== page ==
NHL 10: Emotion, Big Men, and Precision Passing

final kaoss

Staff member
Pick a fight with Sidney Crosby in NHL 10 and you'll get a fight, just not with Sid the Kid. More often than not you'll get Penguins' right-winger and notorious tough guy Bill Guerin quite literally in your face, thanks to NHL 10's first person fighting system. The "tough guy" aspects of NHL 10 come through loud and clear from the moment you step on the ice or, rather, as soon as the whistle blows. After all, just because a play on the ice is whistled dead doesn't mean it's over, as players will be able to get in a few good post-whistle hits just for safe measure.I saw NHL behind closed doors at E3 2009 a few weeks back. The very presence of the game at E3 was telling--despite the series has been on the rise over the past couple of years (including winning two straight Sports Games of the Year awards from GameSpot) its been absent from the show, until this year. Good critical response and good sales have contributed to that decision, but confidence in this year's entry certainly doesn't hurt either. While speaking with series producer David Littman at E3, the first thing we talked about was missing from NHL 09: emotion.[ Watch Video ] "[Last year] we were missing that. We had really cool stuff you could do on offense, cool stuff you could do on defense. Every now and then you'd have a great game with your friends or you're playing in the EA Sports Hockey League, and its exciting. But the emotion wasn't in the game."That looks to change with NHL 10 in a big way. Emotion is everywhere in this game--one look at the crowd members who stand up and bang on the glass as players sweat for the puck against the boards will tell you that. First person fighting is another lynchpin for that strategy. The controls are simple enough--once engaged in a fight you can move left and right by moving the left stick and punch by moving the right stick at an angle left or right; you can rear back for a big punch by first pressing down and then up. As you go, you'll land punches in your opponent's face and, if you get rocked by a few shots, the screen will darken gradually as you begin to lose consciousness. You can't pull a guy's jersey over his head--hopefully that's an addition for NHL 11--and while it's not exactly Fight Night on Ice, it's at least an improvement from the milquetoast fighting from years' past.It's the act of fighting which in part brings back the prominence of big men to NHL 10, which had been glossed over in the series for the past few years. Sure, it's fun to play as a speedy Sid, dekeing defenders and scoring goals but, in NHL 10, you'll need to have big men in you team to protect your skilled players from getting roughed up. Every Gretzky needs his Marty McSorley, it seems, and you'll need to take tough guys into consideration both when you're on the ice and building your team in dynasty mode. Thankfully it's not all about fighting in NHL 10--the game will be bringing board play to the ice for the first time and the controls are easier than I thought they might be. To initiate boardplay you hold the Y button on the 360 controller (triangle on the PS3). When pinned up against the boards with the puck in your possession, you rotate your player left or right to block a defender from gaining access to the puck. I f you're the one doing the pinning, you can move the pinned player left or right with the left stick. To kick-pass the puck out from the boards, you push the right trigger, aiming with the left stick. When battling along the boards, your teammates will come to try and free the puck up from the scrum and, as a result, the entire mechanic feels pretty organic and doesn't interrupt the flow as much as I thought it might.One particular point emphasis for the team, and my favorite addition that I've seen so far, is the new advanced passing system. Last year's game was hampered by the frequency of hyper-accurate tape-to-tape passes. While NHL 10 players won't suddenly forget how to move the puck by themselves, using the new passing mechanic will put that much more control (and responsibility) for smart passing in the hands of the player. With this precision passing system (which is not the default passing style), you still pass, you aim your pass with the left stick and pass with the right trigger. How hard you press the right trigger will determine the speed of the puck, ranging from soft passes to lasers and several points in between. The precision aiming and speed control take some getting used to and I screwed up more times than I'd like to mention during my time with the game, particularly when passing to the point while in my opponent's offensive zone. The speed control takes some acclimation too--the default pass speed felt a bit slow for my tastes and it might be something that's tweaked as development continues on the game this year. Still, there's no doubt that, with a little practice you can take advantage of the added flexibility this new passing system has in store, making stretch passes and more accurate one-timers available to you. Beyond the changes to the controls, Littman told me the team is looking to add somewhere in the neighborhood of 200 new animations in the game. You can see a few examples in the new screens and video of the game, but will include things like players dekeing and shooting from their knees, jumping to catch a puck in mid-air, one-timing a loose puck, and new fake shot animations (complete with a leg lift), among many others. The video above, which was shot at EA Sports' booth at E3, shows a drop pass, a player one-timing a loose puck, and his teammate batting a puck out of mid-air in a single sequence. The team is still staying mum on the other features in the game, though Littman did tell me to expect an increased focus on the playoffs in NHL 10. As well, I'm looking forward to hearing more about the planned improvements for the EA Sports Hockey League, which was introduced in last year's game. The Stanley Cup playoffs may have just ended but expect the hockey updates to continue all summer long. Read and Post Comments | Get the full article at GameSpot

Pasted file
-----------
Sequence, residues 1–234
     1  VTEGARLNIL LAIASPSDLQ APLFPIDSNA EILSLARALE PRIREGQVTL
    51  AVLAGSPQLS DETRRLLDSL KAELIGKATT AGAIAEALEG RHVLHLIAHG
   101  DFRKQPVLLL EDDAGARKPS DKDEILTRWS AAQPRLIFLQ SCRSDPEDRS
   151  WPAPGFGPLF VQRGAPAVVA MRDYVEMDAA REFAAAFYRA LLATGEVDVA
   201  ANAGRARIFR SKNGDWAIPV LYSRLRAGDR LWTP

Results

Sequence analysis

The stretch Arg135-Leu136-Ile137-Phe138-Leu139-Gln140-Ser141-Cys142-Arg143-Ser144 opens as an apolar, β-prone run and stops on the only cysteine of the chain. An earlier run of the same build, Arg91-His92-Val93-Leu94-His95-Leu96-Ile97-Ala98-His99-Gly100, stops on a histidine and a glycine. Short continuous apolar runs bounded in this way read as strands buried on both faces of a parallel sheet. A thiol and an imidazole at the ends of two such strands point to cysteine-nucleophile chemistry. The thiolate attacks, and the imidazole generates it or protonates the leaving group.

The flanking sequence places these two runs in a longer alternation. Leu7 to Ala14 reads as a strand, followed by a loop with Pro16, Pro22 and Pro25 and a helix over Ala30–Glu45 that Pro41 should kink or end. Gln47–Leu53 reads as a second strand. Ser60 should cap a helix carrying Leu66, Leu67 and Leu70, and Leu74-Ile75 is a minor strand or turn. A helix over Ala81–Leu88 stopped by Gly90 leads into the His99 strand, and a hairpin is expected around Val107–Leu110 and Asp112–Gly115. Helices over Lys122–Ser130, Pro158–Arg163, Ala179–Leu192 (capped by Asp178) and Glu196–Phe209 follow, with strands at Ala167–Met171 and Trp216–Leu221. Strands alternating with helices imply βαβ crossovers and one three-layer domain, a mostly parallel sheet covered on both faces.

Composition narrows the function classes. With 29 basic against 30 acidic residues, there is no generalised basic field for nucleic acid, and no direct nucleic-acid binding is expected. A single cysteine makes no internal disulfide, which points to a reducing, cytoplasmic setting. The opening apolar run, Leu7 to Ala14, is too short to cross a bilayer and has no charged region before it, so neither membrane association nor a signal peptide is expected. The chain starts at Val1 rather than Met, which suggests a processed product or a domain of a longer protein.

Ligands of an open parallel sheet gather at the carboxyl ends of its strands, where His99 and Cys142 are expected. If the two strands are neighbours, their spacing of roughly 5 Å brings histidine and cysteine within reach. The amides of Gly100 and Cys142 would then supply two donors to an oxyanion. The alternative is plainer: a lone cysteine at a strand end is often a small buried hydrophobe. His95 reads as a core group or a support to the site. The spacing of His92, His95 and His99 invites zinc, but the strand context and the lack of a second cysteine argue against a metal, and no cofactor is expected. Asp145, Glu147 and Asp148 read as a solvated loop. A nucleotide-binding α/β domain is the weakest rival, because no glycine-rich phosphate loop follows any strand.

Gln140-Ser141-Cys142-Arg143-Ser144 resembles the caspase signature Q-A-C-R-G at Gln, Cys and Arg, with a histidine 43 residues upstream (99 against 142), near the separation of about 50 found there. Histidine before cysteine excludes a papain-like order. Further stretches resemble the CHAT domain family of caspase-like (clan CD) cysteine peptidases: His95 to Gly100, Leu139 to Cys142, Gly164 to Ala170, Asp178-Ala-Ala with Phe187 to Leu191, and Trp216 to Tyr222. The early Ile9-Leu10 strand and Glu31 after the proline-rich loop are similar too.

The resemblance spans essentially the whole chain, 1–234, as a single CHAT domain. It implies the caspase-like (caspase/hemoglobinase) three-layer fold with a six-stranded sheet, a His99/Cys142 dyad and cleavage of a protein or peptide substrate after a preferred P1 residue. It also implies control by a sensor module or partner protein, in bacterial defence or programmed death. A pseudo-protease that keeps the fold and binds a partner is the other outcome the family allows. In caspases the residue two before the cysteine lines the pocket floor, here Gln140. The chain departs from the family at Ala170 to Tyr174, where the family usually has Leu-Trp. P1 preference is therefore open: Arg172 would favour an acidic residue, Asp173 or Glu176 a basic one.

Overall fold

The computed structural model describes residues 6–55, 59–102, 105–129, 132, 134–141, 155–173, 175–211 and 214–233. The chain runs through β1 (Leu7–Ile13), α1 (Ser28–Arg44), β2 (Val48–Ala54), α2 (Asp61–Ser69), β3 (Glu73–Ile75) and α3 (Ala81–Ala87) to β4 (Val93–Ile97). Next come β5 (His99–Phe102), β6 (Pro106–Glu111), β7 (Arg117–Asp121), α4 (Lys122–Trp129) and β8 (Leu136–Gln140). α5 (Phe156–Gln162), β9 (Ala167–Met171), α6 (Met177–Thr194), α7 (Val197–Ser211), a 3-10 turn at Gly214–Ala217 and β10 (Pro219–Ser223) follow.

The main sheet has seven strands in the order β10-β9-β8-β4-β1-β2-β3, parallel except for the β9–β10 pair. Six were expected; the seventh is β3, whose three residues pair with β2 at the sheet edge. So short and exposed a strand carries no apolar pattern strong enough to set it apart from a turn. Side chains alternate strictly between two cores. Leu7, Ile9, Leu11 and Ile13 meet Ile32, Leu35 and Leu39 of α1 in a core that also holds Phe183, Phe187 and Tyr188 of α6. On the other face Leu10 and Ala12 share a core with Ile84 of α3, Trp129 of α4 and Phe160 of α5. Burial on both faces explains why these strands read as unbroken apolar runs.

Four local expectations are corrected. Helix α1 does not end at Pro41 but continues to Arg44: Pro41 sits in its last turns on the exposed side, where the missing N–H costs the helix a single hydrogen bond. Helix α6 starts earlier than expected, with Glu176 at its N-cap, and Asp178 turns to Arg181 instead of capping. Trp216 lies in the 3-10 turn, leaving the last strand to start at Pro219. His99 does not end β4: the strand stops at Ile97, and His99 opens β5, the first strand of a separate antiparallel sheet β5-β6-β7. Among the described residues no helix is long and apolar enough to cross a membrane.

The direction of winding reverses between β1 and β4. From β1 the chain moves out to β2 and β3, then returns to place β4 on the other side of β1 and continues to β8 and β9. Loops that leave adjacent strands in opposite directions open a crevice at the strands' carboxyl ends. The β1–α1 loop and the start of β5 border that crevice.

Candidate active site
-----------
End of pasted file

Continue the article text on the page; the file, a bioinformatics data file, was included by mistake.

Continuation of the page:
"NHL 10: Emotion, Big Men, and Precision Passing" was posted by BrianEk on Tue, 16 Jun 2009 08:43:19 -0700

Posted on Tue, 16 Jun 2009 08:43:19 -0700